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Violence must end, Zanzibari political rival say

Map of Tanzania

Presidential candidates from the two main rival political parties in Tanzania’s semi-autonomous islands of Zanzibar and Pemba have committed themselves to encouraging their supporters to stop fomenting violence in the run-up to the 30 October elections.

Incumbent Amani Abeid Karume and his main challenger, Seif Shariff Hamad, met on Monday and called on Zanzibaris to develop a culture of tolerance and respect for differing political points of view.

Supporters of the ruling Chama Cha Mapinduzi (CCM) and the main opposition group, the Civic United Front (CUF) have clashed on several occasions in 2005. Following polls in 2000, fighting left around 40 people dead and many more injured and displaced.

Karume and Hamad's undertaking came in a joint statement Monday after a two-hour meeting in Zanzibar. They said they wanted to ensure peaceful elections and to put public and national interests above all else.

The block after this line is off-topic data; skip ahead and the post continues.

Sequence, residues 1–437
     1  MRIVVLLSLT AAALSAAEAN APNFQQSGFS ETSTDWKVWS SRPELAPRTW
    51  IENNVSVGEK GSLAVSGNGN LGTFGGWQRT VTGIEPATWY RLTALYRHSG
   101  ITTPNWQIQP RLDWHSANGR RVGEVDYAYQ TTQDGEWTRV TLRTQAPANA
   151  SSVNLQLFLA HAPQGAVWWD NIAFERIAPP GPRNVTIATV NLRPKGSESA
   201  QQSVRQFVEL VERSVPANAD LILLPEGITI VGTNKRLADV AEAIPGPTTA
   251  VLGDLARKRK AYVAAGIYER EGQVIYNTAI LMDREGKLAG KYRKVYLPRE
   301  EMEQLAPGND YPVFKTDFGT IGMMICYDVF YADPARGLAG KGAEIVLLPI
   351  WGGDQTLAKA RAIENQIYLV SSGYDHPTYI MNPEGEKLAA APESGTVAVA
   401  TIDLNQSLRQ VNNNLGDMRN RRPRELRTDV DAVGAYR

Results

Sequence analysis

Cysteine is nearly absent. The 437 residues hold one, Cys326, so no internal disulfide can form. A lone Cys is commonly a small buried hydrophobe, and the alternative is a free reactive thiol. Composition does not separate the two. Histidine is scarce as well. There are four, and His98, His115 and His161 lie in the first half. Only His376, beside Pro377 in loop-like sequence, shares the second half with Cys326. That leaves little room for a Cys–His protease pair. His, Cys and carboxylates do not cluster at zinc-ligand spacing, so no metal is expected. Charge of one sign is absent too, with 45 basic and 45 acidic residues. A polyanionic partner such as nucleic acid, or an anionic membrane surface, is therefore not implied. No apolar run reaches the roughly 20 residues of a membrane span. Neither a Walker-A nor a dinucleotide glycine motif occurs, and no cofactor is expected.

They agreed to respect a peace accord their parties signed in 2001, known as the Muafaka Accords, as well as the country’s new electoral code of conduct.

The code, signed on 20 August by 17 registered political parties on the island, binds all political stakeholders to responsible behavior during campaigning, elections and after the polls. It also commits all political parties to respect and accept the official poll results, forbids the use of offensive and derogatory language in the run-up to and during the elections.

In addition, the code prohibits religious leaders from using their positions to campaign for parties and called on the state media to be impartial. The government is forbidden from harassing and undermining political parties while the Zanzibar Electoral Commission is expected to ensure that there is transparency and fair play in the electoral process.

The Forum for the Restoration of Democracy was the only party with permanent registration that did not sign the agreement.

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